Concepcion v. Varano et al
MEMORANDUM re REPORT AND RECOMMENDATIONS 54 (Order to follow as separate docket entry)Signed by Honorable Sylvia H. Rambo on 11/30/17. (ma)
IN THE UNITED STATES DISTRICT COURT
FOR THE MIDDLE DISTRICT OF PENNSYLVANIA
Civil No. 1:11-cv-2225
Judge Sylvia H. Rambo
Before the court is a report and recommendation filed by the magistrate
judge in which she recommends that the remaining two issues in the petition filed
by Juan Concepcion pursuant to 28 U.S.C. § 2254 be dismissed with prejudice.1
The remaining two claims for habeas relief involve (1) an alleged violation of the
double jeopardy clause (Doc. 1, p. 13; Doc. 53, p. 10); and (2) improper venue and
vicinage. Objections have been filed to the report and recommendation, and the
government has filed an opposition to those objections. For the reasons that follow,
the report and recommendation will be adopted.
Under 28 U.S.C. § 2254(d), “[a]n application for a writ of habeas corpus
on behalf of a person in custody pursuant to the judgment of a State court shall not
Concepcion was convicted in the Juniata Court of Common Pleas on July 24, 2008 of
possession with intent to deliver a controlled substance, criminal use of a communication
facility, corrupt organizations, criminal conspiracy, and dealings in proceeds of unlawful
activities. The background and procedural history of this proceeding are adequately set forth in
the report and recommendation and will be adopted herein.
be granted with respect to any claim that was adjudicated on the merits” unless
such adjudication “resulted in a decision that was contrary to . . . clearly
established Federal law, as determined by the Supreme Court of the United States.”
28 U.S.C. § 2254(d)(1).
a. Double Jeopardy Claim
Concepcion argues that Counts 1 and 4 (possession with intent to deliver
a controlled substance) and Counts 2 and 5 (delivery of a controlled substance) of
the Indictment were aggregate charges and thus multiplicitous as the conduct was
continuance in nature, and therefore constitute a double jeopardy violation.
In this case, the Pennsylvania Superior Court found that Concepcion’s
acts were with different people at different times and involved different amounts,
and rejected the argument that the crimes had to merge. The court relied on
Commonwealth of Pennsylvania v. Williams, 958 A.2d 522 (Pa. Super. 2008) and
Commonwealth of Pennsylvania v. McCalman, 795 A.2d 412 (Pa. Super. 2002)
wherein the Superior Court had previously rejected merger arguments similar to
those presented by Concepcion.
In Ohio v. Johnson, 467 U.S. 493 (1984), the Supreme Court held that,
“[b]ecause the substantive power to prescribe crimes and determine punishments is
vested with the legislature, the question under the Double Jeopardy Clause whether
punishments are ‘multiple’ is essentially one of legislative intent.” Id. at 499
(internal citations omitted).
The Pennsylvania statute at issue in this case states: “[e]xcept as
authorized by this act, the manufacture, delivery, or possession with intent to
manufacture or deliver, a controlled substance by a person not registered under this
act . . . or knowingly creating, delivering or possessing with intent to deliver, a
counterfeit controlled substance [is prohibited].” 35 Pa. C.S.A. §780-113(a)(30). In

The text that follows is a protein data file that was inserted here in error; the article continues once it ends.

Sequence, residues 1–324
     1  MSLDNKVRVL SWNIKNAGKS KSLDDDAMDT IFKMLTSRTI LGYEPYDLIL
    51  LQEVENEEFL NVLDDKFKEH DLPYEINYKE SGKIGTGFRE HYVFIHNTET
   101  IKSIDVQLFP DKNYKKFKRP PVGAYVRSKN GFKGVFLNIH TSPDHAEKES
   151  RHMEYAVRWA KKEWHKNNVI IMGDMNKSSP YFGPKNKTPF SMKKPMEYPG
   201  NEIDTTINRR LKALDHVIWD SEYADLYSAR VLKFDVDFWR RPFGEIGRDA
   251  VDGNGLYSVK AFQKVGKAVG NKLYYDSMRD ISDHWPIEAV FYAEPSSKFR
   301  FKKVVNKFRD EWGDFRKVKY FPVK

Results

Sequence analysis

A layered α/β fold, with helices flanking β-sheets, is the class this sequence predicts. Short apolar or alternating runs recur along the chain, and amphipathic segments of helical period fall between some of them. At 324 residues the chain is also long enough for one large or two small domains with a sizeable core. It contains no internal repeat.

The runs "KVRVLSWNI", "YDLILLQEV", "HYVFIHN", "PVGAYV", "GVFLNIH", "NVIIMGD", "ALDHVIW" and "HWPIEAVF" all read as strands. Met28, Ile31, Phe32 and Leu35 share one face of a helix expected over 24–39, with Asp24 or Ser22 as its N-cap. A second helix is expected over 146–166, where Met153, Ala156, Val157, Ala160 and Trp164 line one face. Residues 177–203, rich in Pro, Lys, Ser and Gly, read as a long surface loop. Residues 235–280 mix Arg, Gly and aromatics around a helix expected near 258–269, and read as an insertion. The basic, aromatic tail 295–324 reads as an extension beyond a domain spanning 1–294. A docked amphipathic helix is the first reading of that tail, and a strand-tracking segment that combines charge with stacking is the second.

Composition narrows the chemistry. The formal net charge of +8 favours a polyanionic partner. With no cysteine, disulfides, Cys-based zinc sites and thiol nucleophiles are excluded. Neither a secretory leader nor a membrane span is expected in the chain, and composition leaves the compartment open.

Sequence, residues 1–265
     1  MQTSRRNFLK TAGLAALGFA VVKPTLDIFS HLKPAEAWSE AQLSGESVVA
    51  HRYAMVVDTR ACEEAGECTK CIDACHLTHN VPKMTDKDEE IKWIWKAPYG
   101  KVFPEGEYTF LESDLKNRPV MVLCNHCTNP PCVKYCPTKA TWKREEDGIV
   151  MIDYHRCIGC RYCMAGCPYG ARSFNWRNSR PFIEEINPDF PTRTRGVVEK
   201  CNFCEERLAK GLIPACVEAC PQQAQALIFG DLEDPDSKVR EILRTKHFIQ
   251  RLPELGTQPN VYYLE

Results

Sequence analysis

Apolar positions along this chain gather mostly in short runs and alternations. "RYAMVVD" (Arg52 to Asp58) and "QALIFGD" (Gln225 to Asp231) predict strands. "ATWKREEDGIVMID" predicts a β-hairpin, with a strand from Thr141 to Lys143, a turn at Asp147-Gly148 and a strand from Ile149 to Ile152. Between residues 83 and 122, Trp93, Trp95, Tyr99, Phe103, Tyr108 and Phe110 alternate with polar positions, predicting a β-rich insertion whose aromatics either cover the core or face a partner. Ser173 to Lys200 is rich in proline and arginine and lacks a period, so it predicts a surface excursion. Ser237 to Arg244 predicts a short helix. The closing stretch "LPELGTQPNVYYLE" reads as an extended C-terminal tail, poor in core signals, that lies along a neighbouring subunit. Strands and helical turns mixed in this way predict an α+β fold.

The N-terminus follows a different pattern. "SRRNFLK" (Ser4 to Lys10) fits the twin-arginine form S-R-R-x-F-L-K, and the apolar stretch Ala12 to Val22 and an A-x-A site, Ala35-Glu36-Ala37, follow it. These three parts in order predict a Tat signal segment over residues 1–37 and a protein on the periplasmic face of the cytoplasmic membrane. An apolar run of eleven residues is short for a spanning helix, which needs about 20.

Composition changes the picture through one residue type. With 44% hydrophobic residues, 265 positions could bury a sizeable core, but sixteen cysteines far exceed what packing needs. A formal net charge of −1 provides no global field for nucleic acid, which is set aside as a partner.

examining this statute, Pennsylvania courts have concluded that each instance of
drug possession and delivery constitute separate acts and are not the same offense
for purposes of double jeopardy and merger.
In United States v. Kennedy, 682 F.3d 244, 257 (3d Cir. 2012), the Third
Circuit held “that the acts of possession and distribution involved discrete
quantities of narcotics,” as in the instant case, and are not subject to merger.
This court must defer to state appellate court determinations of state law
questions. Furthermore, the Pennsylvania court has not rendered a decision in this
case that is contrary to clearly established federal law. Accordingly, there has been
no violation of the double jeopardy clause.
Concepcion argues that his trial in Juniata County was improper under
the Sixth Amendment. He claims that his right to a speedy trial by peers from his
own community was violated when he was tried by citizens of Juniata County
instead of Dauphin County where he is a resident and where he distributed drugs to
co-conspirators. He claims that he never distributed drugs to anyone in Juniata
Concepcion was charged with criminal conspiracy to possess with the
intent to deliver a controlled substance. The Third Circuit has held that “venue can
be established wherever a co-conspirator has committed an act in furtherance of
the conspiracy.” United States v. Perez, 280 F.3d 318, 319 (3d Cir. 2002) (citing
Hyde v. United States, 225 U.S. 347, 363-64 (1912)). Juniata County was
considered the appropriate venue by the Superior Court because that was where the
drugs were distributed by Concepcion’s co-conspirators to whom he sold.2
Based on the foregoing, the petition will be dismissed. An appropriate
order will issue.
s/Sylvia H. Rambo
SYLVIA H. RAMBO
United States District Judge
Dated: November 30, 2017
The magistrate judge also addressed the issue of whether the vicinage provision of the Sixth
Amendment has been violated. Vicinage refers to the geographical area from which jurors may
be drawn. As the magistrate judge and respondent point out, this argument was not presented in
the initial petition or before the state court, and furthermore, the Third Circuit has held that the
Sixth Amendment vicinage provision is not applicable to state criminal trials. This court agrees
and will not address the issue, as it is not properly before the court.
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